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California and the West

Electric Power Deregulation Gains Steam

Energy: California crisis fails to dissuade proponents in Washington, who offer stack of free-market proposals.


WASHINGTON — Despite problems stemming from utility deregulation in California, momentum is gathering in Congress to loosen some of the rules of competition in the electric power industry.

A plethora of electricity-related bills, some with bipartisan support, have been debated in the last year in the House and Senate, with active encouragement from the Clinton administration. These debates have set the stage for possible action in the next Congress.

One proposal that has gained steam would repeal a New Deal-era statute that aimed to limit the growth and business activities of large corporate utilities. Another would seek to create more wholesale competition by easing barriers to transmission on the nation's interstate power grid.

Some of the key players in the federal debate will appear in San Diego today as the energy and power subcommittee of the House Commerce Committee conducts a fact-finding hearing on the electric rate crisis that struck there in the wake of California's deregulation of electricity markets.

The state's experience, in fact, has led some to caution against the push for national deregulation. Rep. Bob Filner (D-San Diego) warned the House last week that it should look closely at what has happened in the area he represents, where electric bills doubled or tripled almost overnight.

"We are the poster children for the nation," Filner said. "Deregulation cannot work when the basic commodity is controlled by monopolies. Take heed, Congress."

Until now, congressional committees have trudged through the arcana of electric power regulations with little public notice. But lawmakers influential on energy policy acknowledge that California's rush to restore order to wildly gyrating electricity markets, including a state-approved emergency rate rollback for San Diego Gas & Electric Co. customers, has cast a fresh spotlight on their work.

"Clearly, all of the problems that have arisen in California need to be better understood before we take real action here in Washington," said Sen. Jeff Bingaman of New Mexico, the top Democrat on the Senate Energy and Natural Resources Committee.

But Bingaman said that deregulation on a national level could work as long as power producers have "free and fair" access to the nation's transmission lines.

Even more bullish on the issue, Sen. Phil Gramm (R-Texas) said a consensus is growing that federal action is needed. "California has not proved that markets don't work and you can't have deregulation," Gramm insisted. He said the state's problems stem in part from a dearth of investment in electric power generation.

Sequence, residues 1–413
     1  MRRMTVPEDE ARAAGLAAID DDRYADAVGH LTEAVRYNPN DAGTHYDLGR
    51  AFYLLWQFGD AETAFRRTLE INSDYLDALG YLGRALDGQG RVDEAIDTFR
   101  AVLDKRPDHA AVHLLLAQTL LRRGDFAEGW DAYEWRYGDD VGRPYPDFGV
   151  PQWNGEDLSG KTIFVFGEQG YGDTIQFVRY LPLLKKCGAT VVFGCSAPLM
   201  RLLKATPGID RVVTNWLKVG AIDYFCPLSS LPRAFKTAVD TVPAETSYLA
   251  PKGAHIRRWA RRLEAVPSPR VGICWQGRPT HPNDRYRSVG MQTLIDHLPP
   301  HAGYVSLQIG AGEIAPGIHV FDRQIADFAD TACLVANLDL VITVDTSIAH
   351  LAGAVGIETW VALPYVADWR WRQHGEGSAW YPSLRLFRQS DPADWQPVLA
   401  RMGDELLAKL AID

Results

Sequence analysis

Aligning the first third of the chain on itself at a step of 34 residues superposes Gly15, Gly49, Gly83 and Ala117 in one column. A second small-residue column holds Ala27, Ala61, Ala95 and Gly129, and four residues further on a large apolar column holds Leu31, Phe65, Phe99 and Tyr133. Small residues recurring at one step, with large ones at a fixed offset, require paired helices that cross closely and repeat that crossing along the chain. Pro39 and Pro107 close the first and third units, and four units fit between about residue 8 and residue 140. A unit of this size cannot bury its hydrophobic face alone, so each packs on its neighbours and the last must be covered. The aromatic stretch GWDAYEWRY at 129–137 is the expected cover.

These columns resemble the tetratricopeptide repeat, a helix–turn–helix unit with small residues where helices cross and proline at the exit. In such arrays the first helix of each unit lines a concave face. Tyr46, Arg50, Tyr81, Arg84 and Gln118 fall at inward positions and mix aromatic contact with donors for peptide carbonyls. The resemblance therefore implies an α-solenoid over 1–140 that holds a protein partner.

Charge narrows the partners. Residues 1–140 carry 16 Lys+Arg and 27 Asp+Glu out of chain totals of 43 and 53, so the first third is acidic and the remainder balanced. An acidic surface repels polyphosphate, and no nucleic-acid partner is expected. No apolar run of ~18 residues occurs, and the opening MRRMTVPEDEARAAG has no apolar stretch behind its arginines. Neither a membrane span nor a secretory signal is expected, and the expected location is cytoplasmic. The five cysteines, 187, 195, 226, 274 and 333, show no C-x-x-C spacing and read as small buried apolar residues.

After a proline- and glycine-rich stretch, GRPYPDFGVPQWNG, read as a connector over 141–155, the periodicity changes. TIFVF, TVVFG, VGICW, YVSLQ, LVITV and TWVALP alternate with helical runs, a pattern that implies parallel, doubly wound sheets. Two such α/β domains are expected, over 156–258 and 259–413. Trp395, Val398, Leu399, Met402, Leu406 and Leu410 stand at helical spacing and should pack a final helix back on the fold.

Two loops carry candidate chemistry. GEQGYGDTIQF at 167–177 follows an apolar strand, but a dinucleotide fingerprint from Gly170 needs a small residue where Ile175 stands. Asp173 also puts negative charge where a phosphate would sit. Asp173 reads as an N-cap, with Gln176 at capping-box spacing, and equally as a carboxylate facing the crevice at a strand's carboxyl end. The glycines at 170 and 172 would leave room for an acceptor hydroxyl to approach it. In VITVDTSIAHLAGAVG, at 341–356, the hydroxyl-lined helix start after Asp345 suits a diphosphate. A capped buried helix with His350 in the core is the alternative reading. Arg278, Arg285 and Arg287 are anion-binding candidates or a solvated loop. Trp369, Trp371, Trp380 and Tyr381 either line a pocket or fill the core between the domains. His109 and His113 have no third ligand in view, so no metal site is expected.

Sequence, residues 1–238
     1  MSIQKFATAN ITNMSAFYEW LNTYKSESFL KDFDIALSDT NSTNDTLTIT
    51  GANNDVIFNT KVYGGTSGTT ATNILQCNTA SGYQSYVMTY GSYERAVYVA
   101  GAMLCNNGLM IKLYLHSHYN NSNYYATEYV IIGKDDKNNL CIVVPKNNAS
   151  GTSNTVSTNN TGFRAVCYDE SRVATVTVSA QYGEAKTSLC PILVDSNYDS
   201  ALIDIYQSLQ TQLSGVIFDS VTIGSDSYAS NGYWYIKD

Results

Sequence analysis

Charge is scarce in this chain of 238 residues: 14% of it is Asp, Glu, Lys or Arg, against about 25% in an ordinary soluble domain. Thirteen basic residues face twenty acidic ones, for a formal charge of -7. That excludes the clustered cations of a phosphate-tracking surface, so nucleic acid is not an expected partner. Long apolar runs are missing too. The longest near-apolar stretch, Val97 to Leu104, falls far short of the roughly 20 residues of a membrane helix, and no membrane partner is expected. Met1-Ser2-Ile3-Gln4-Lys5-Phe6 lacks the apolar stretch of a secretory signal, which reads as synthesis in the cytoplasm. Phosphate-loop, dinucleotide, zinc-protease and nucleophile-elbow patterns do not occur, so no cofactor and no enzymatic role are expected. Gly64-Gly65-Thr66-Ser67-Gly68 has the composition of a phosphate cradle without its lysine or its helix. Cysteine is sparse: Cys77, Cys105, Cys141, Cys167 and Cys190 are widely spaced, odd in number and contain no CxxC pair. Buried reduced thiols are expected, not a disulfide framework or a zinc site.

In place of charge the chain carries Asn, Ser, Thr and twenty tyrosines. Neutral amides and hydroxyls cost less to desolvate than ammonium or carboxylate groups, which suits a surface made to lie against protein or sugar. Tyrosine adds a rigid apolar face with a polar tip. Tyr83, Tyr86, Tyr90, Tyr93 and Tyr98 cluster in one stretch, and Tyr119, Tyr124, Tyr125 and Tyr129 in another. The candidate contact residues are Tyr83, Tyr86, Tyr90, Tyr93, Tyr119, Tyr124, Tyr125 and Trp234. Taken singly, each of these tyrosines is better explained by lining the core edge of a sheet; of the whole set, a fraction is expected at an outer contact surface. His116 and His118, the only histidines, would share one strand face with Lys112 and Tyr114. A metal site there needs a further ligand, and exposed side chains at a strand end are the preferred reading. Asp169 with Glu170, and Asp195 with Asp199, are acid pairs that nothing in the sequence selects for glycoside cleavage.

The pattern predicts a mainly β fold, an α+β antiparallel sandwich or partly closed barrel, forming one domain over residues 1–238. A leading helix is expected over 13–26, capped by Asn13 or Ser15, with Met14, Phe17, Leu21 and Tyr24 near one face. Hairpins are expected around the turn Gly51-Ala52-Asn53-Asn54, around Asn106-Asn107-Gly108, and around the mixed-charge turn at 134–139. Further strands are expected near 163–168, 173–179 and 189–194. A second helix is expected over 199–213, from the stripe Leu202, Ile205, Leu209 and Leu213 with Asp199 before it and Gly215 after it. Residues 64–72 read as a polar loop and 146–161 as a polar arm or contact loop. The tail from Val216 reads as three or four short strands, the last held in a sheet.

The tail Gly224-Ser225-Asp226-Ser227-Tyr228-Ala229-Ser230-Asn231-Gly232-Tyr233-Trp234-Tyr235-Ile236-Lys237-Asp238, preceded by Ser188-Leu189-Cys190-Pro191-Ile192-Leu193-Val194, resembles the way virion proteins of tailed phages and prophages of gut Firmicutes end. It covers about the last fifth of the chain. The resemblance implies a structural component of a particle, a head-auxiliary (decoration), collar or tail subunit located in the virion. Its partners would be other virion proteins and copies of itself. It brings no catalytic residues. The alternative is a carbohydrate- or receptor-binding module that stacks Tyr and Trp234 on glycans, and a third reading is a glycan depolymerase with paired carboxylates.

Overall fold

Gramm knows that it can take years to deregulate a major industry. He shepherded a major, multiyear effort that last year led to repeal of New Deal-era restrictions on the nation's financial services firms.

Like that act and the 1996 telecommunications deregulation, any successful overhaul of the nation's many-layered laws governing electric power would take painstaking work to resolve partisan and regional differences and, especially, the conflicting aims of special interests.

Judging from the lobbying activity of utilities and major electricity customers, the battle in Congress has stepped up considerably. Congressional Quarterly last month identified at least seven coalitions that are active on deregulation, including one representing investor-owned utilities--the Edison Electric Institute--which has spent more than $40 million in three years to lobby Congress.

Investor-owned utilities produce about three-fourths of the nation's electric power, according to the institute, and have an enormous capital investment in generation and transmission facilities.

Others that have spent millions in lobbying include rural electric cooperatives and public power agencies.

Political donations connected to utility interests also have increased as the issue has advanced. Campaign contributions from electric utilities to national party organizations and federal candidates in this election period total more than $12 million to date, up from $5.4 million in 1993-94, according to the Center for Responsive Politics in Washington.

What do all these special interests want? Most players agree that a starting point is repeal of the 1935 Public Utility Holding Company Act. That law, meant to limit utility mergers, has restricted the growth of large utilities and now is widely seen as an impediment to competition. The administration--which prefers to call its effort "restructuring" rather than "deregulation"--has endorsed repeal as part of a larger package that would give federal regulators authority to review the company records of monopolies and curb abuses.

Beyond that, goals diverge. Many hurdles remain before legislation would be ready for passage, although administration officials and lawmakers say that significant progress has been made.

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